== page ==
Integrating renewables into the grid while maintaining or improving reliability
We hear a lot of talk these days about increasing the penetration of renewables on the electrical grid worldwide. For a couple years now, a team of researchers at Global Research and GE Energy Consulting have been working to understanding the effects that this will have on the grid. Not only that but we are also developing technologies to help integrate renewables, while maintaining or even improving the reliability and quality of the power supply. The goal of this work is to understand how to best integrate the large amounts of wind and solar planned by governments based on Renewable Portfolio Standards (RPS) and/or as a result of Feed-In Tariffs. Factors such as physical location, grid interconnection point, and characteristics of existing grid infrastructure all play a part in determining the effect of renewables on the grid. This research will help us to integrate renewables smartly in a variety of conditions so that we’ll be able to maximize the benefit from each installation.
Right now only about 0.1% of the power generated in the U.S. is from solar energy, and about 2% is generated from wind. At first glance it appears that there should be nothing to concern ourselves with given the relatively small amount of power generated by renewables. However, the picture changes dramatically when we look at regions in the western United States. For example, we are currently working with Arizona Public Service and Arizona State University to study a feeder in Flagstaff, AZ, which will potentially get more than 40% of its power from photovoltaics (PV) by the end of 2011! Although national penetrations will likely remain low for a number of years, areas with locally high penetration are already seeing the effect of this increase in PV on their power systems.
In order to best integrate PV and other renewables into the grid we need to approach the problem from several angles. We look to solve or eliminate the negative effects that can be brought on by adding a lot of intermittent generation without the appropriate hardware and/or controls. We also look to increase the amount of power delivered to the grid from solar generators by increasing the efficiency and reliability of the generation systems. Finally we look to Smart Grid technologies to increase the overall efficiency and reliability of power supplied with renewables. We do this by employing advanced technologies that can help us to integrate locally high penetrations of PV while simultaneously maintaining, and even improving, the quality and reliability of the power delivered by our electrical grid.
Until recently most of the conversation around grid integration of renewables has been centered on wind. The wind industry is significantly ahead of the solar industry in terms of installed capacity and cost per unit of energy generated, and GE has had a large presence in the wind industry for some time. However, the solar industry is growing rapidly and the GE solar business is growing along with it. Traditionally people have tended to look at wind grid integration issues and enabling technologies and assume that the solutions for solar were nearly identical. Today we see that this isn’t always the case, and the rapid growth of the solar industry has put a spotlight on the unique issues and opportunities presented by locally high-penetration solar deployment.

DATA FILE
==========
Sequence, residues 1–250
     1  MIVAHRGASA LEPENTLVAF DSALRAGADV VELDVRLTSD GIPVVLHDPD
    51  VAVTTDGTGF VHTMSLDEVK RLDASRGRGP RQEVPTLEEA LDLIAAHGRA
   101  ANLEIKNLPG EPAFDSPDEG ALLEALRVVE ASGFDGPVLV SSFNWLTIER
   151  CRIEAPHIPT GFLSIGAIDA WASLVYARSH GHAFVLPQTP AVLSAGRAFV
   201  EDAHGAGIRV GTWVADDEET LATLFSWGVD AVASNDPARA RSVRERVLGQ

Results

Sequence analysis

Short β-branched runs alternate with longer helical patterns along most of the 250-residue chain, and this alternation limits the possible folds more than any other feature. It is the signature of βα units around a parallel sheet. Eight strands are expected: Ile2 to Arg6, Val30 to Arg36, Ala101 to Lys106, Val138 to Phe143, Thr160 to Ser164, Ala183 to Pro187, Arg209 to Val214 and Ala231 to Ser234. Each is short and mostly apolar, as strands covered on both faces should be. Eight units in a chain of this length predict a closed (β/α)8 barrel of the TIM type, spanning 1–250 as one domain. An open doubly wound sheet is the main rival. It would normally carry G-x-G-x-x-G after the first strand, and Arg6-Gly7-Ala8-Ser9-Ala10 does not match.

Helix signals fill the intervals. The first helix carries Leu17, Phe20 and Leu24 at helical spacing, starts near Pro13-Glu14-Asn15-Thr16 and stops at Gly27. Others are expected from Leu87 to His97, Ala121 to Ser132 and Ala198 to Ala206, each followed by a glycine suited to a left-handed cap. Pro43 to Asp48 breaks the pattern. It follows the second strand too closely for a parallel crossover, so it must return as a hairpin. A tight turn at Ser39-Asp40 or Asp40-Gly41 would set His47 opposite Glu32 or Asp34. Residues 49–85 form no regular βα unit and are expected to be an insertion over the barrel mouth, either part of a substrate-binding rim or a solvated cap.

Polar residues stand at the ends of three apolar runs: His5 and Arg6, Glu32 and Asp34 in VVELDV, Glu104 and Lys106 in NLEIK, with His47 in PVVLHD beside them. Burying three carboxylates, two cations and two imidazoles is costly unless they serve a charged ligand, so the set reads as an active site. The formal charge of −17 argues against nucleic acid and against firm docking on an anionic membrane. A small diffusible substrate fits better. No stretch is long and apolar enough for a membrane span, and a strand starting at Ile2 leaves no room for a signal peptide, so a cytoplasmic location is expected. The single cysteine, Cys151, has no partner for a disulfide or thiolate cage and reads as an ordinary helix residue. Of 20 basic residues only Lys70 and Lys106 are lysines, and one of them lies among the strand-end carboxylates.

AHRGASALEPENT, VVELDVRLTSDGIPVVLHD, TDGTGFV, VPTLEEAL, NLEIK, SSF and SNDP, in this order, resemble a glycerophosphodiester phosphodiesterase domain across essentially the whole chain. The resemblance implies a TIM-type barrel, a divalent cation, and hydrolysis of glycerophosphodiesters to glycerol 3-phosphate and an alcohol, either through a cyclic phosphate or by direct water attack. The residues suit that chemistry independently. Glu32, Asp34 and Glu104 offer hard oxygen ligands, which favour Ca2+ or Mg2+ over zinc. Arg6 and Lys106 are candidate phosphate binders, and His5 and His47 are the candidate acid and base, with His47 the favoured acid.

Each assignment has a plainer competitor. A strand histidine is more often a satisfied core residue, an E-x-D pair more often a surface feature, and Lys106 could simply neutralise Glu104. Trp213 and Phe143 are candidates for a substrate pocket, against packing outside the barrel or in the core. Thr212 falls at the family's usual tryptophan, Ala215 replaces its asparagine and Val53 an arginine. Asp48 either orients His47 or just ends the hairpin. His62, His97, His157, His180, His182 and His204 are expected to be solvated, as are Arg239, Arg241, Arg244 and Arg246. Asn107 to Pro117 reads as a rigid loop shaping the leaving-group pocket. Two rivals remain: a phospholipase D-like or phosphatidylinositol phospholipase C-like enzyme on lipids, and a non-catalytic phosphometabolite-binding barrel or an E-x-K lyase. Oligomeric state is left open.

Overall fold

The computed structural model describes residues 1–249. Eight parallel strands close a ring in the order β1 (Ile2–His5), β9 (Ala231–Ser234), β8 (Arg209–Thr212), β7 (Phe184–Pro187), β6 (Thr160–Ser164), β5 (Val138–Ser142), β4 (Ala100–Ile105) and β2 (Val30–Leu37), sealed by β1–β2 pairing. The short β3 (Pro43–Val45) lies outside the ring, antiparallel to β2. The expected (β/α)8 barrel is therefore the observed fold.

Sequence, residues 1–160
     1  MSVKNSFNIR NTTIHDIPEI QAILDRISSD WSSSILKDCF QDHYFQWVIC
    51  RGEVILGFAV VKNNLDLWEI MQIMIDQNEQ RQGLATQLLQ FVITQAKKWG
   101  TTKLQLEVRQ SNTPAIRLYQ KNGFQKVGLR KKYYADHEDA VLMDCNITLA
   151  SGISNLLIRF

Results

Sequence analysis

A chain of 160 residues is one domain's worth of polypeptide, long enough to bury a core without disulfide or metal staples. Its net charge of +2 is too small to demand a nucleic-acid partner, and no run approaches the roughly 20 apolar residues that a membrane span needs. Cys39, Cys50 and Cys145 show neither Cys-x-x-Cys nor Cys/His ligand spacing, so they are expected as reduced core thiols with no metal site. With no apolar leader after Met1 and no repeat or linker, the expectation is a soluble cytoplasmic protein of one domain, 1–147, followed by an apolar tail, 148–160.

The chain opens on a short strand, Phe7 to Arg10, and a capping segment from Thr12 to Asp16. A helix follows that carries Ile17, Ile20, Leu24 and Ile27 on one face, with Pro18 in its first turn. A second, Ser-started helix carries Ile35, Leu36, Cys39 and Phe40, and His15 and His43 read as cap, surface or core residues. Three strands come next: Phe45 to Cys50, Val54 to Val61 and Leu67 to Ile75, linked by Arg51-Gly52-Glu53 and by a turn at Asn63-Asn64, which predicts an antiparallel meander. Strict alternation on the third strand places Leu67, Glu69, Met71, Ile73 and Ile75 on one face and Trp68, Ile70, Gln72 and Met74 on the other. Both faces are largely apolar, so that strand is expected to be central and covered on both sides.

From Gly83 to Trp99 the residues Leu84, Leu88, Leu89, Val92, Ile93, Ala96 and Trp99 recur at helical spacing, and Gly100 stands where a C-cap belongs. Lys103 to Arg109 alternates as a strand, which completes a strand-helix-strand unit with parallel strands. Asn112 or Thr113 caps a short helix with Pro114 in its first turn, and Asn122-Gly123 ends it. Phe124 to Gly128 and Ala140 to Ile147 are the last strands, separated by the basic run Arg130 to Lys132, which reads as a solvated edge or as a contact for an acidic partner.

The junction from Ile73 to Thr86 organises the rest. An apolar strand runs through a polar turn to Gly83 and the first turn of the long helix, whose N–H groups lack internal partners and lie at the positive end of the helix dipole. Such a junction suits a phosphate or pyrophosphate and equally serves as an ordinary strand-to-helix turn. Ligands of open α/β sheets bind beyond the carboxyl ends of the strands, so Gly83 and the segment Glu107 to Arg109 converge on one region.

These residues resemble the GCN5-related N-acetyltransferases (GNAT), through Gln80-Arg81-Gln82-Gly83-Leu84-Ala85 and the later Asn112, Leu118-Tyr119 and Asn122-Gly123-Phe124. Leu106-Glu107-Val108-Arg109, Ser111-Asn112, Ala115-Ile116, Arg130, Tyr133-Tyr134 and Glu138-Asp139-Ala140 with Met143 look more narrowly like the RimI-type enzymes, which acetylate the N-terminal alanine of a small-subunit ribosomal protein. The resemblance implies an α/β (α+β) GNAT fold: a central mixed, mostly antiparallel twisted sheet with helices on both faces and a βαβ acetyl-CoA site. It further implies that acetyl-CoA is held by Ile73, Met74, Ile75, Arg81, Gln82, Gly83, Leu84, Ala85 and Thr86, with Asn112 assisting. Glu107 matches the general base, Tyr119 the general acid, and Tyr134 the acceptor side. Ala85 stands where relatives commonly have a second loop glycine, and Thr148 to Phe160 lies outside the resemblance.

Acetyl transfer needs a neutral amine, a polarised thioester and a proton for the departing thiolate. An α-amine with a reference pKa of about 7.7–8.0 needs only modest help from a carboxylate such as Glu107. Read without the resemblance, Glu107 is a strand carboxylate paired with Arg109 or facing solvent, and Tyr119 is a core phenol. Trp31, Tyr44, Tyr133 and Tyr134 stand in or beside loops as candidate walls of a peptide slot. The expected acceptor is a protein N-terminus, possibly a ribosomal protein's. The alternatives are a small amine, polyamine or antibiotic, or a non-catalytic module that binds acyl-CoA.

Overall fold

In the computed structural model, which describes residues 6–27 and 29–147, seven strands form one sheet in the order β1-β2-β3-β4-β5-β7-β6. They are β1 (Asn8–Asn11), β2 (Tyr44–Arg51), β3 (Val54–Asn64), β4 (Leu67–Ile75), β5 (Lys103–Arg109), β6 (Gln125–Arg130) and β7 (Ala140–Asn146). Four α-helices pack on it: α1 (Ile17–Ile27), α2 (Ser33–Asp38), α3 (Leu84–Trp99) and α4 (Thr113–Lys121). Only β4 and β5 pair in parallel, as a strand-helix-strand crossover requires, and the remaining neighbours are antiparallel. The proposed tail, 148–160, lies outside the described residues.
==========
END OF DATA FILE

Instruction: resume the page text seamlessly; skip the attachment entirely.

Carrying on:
Most wind generation is integrated at the transmission level. Wind is connected to the grid in much the same way as more traditional power generating plants that rely on coal, nuclear power, or natural gas. Solar generation on the other hand tends to be integrated on the distribution network, closer to the load that it’s powering and present in much smaller sizes but in much higher quantities. For example, a typical wind power plant in Texas might produce 50MW and take up over 2,000 acres. A utility-scale solar plant may only be 10MW in size and take up around 80 acres. Smaller-scale solar (around 5kW for a residential installation to 500kW for a large commercial installation) is also very common, while these sizes are much less common for wind. These differences in size and integration site put different requirements on the technology needed to most effectively integrate wind and solar into the electrical grid. Today our wind and solar grid integration teams are working on technologies tailored to their unique circumstances while sharing solutions and innovations wherever possible.
This is a very exciting time for renewables, especially in the area of grid integration. Smart Grid is helping us to explore areas of interaction between the grid and power source that were not previously explored this deeply. The research being done in this area today will help us to get to much higher levels of renewable penetration in years to come, and we are very excited to have the opportunity to work in this growing and dynamic area.